Democrats saved President Joe Biden’s faltering national agenda on Friday, adopting a giant infrastructure package that is one of the pillars of his $ 3 trillion economic vision after moderate rebels previously blocked a vote on its expansion of social protection.
Despite hours spent cajoling lawmakers, party leaders risked seeing Biden’s two-pronged legislative strategy crumble as they failed to unite the warring party’s progressive and moderate factions.
But the breakthrough came when lawmakers approved the Senate’s $ 1.2 trillion infrastructure bill passed on the House floor by a comfortable 228 to 206 votes.
The passage of infrastructure spending marks a legacy achievement for Biden, amid plunging personal approval ratings and a humiliating and upsetting defeat for his Democratic Party in the Virginia gubernatorial election.
Its spokesperson, Jen Psaki, said the success was “proof that delivering for the American people is worth making painful sausages.”
“Clean water for the kids, high speed access, electric vehicles, the biggest investment in public transport. It’s happening. And more to come,” she tweeted. .
The party leadership in the House of Representatives started the day with the aim of approving the infrastructure bill, the biggest improvement to roads, bridges and waterways in decades, after sending an agreement to even more important social protection, worth up to $ 1.85 trillion, to the upper house. .
But six moderate Democrats have refused to commit to the ‘Build Back Better’ benefits package, arguing that they must first see a full account of its economic impacts, which will not be available for at least a week. .
With a majority of just three votes in the House, President Nancy Pelosi was forced to postpone the vote on the Build Back Better package, which includes major investments in health, education, the fight against climate change and the expansion of social protection programs.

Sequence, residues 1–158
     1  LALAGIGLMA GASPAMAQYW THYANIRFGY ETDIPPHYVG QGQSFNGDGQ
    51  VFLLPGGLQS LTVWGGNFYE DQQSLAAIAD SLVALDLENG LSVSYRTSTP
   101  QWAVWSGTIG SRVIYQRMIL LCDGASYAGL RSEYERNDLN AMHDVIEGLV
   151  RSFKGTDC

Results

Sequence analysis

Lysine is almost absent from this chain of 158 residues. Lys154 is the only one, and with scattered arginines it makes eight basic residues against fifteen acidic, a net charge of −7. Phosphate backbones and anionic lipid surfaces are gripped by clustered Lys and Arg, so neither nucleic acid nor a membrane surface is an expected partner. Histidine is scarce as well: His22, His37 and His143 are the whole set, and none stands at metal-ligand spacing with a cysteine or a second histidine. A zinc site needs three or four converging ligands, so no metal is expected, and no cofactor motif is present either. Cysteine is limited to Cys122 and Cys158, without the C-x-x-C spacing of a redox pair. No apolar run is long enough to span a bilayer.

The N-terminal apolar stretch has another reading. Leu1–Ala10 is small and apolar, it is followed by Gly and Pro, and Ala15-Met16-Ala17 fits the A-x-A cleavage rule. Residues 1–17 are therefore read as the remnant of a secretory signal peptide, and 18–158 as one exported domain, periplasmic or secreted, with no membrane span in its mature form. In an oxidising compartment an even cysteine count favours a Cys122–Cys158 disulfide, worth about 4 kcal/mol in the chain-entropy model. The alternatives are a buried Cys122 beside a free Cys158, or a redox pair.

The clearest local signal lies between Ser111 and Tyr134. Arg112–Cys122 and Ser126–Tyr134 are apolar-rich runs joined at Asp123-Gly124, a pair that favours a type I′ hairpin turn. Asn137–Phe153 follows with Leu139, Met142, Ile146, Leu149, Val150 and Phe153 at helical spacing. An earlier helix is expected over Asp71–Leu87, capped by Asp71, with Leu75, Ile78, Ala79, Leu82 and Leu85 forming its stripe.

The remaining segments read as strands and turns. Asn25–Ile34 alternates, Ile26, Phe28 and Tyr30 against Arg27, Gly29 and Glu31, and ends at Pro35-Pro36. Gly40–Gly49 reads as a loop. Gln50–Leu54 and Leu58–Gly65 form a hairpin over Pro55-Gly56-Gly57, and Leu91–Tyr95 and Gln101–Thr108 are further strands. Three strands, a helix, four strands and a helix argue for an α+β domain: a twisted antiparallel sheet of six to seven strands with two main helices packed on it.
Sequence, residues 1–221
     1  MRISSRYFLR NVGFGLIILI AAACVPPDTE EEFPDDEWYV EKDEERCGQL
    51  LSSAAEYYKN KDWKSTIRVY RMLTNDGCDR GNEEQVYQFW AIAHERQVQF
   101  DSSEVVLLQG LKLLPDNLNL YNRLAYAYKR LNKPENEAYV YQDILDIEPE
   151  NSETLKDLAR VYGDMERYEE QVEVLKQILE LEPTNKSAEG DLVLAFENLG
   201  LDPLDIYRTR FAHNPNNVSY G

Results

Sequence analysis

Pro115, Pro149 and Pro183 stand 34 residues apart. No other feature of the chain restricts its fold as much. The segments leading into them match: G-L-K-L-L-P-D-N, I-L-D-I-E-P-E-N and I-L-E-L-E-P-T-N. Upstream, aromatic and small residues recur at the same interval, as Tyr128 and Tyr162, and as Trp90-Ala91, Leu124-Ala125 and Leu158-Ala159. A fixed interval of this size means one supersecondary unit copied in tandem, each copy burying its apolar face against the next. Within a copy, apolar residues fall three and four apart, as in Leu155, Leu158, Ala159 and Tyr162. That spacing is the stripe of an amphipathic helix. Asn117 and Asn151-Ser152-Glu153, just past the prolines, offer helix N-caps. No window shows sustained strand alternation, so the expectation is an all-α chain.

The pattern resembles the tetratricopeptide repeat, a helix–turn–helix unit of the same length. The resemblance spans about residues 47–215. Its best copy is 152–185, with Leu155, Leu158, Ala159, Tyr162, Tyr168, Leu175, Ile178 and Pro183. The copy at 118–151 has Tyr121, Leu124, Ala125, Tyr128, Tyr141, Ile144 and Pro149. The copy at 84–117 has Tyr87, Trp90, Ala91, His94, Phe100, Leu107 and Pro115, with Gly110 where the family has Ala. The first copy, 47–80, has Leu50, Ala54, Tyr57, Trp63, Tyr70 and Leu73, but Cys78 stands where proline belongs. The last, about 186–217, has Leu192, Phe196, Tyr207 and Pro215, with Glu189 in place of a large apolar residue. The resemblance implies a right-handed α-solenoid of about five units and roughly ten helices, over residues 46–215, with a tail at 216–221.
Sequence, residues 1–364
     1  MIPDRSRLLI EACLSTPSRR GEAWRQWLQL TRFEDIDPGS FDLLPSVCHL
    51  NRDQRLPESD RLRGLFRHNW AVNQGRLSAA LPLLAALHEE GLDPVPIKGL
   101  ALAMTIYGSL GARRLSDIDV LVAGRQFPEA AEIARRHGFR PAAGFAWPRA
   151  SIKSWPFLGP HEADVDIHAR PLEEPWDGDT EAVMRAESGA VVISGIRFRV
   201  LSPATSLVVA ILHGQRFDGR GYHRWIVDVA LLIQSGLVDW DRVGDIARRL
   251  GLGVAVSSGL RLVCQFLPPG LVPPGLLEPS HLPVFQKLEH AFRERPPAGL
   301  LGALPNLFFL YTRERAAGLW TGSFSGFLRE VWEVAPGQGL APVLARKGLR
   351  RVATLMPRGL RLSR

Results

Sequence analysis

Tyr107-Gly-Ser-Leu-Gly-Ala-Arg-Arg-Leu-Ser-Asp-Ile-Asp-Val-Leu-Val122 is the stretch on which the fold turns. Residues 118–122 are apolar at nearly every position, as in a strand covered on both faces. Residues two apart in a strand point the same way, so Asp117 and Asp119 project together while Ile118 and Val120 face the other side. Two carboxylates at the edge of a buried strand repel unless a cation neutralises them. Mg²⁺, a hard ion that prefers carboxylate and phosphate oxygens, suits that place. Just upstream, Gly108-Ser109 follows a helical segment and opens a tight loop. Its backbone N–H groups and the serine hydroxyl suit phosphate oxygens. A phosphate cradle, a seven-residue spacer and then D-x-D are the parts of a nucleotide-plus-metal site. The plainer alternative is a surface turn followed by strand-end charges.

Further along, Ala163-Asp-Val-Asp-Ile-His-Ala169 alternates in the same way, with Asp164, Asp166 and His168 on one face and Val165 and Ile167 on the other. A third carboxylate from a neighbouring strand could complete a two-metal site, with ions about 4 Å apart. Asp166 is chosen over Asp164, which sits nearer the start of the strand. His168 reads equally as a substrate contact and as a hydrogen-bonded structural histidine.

Progressives initially blocked the vote on infrastructure, suspecting that Senate centrists would reject the Build Back Better bill as soon as they got their transportation upgrades enacted.
But Pelosi refused to back down, insisting on the vote before the day’s end and offering the Liberals an olive branch – a procedural vote on the âruleâ to at least start the debate on Build Back Better.
“I urge all members to vote for both the Build Back Better Act review rule and the final passage of the bipartisan infrastructure bill tonight,” Biden said in a late evening statement. .
“I am confident that during the week of November 15, the House will pass the Build Back Better Act.”
The victory will be a balm for Democratic leaders who have spent two days in meetings painstakingly trying to bring on board the reluctance on several sticking points in Build Back Better, from prescription drug pricing to immigration arrangements. .
Passing the infrastructure package into law required tricky math with several progressives, still angry at the moderate rebellion, voting no – but Democrats were able to add 13 Republicans to their side of the ledger.
After four years of failed ‘infrastructure weeks’ under the control of Trump and the Republicans, President Biden has kept his promise to work across the aisle and make a historic investment in our infrastructure. country, âsaid Jaime Harrison, chairman of the Democratic National Committee.
Biden, who spent much of Thursday and Friday on the phone convening lawmakers, watched the vote in the official residence after strategizing with his political and legislative teams, including Vice President Kamala Harris, according to a responsible for the White House.
Pelosi had twice tried in recent weeks to push forward the two mega-bills, but was forced to postpone votes on infrastructure as progressives, unhappy with the lack of commitment to their priorities, refused to pledge their support.
Biden is counting on a rebound in the vote, 10 months after arriving at the White House by promising the pandemic-devastated nation that he would “rebuild better” – only to see his popularity plunge.
The infrastructure package that passes before the weekend marks an unambiguous, resounding and immediate victory for the 78-year-old former senator, who touts his ability to cross the aisle.
By funding work on roads, bridges and ports and high-speed internet, the White House says it would create millions of well-paying jobs.
Build Back Better, on the other hand, does not have the Senate’s blessing and is likely to be drastically reduced and subject to further arduous votes in the upper house, even if it advances from the House.
“It will not be passed as is. Everyone has to sit down with it and feel comfortable with it,” Democratic Montana Senator Jon Tester told Politico.
The votes ended months of tense negotiations on Capitol Hill since the Senate approved the infrastructure package in August, giving it bipartisan support rare in Washington’s polarized political atmosphere.
However, most House Republicans refused their support after former President Donald Trump threatened retaliation for helping Biden achieve a political victory.
(This story was not edited by NDTV staff and is auto-generated from a syndicated feed.)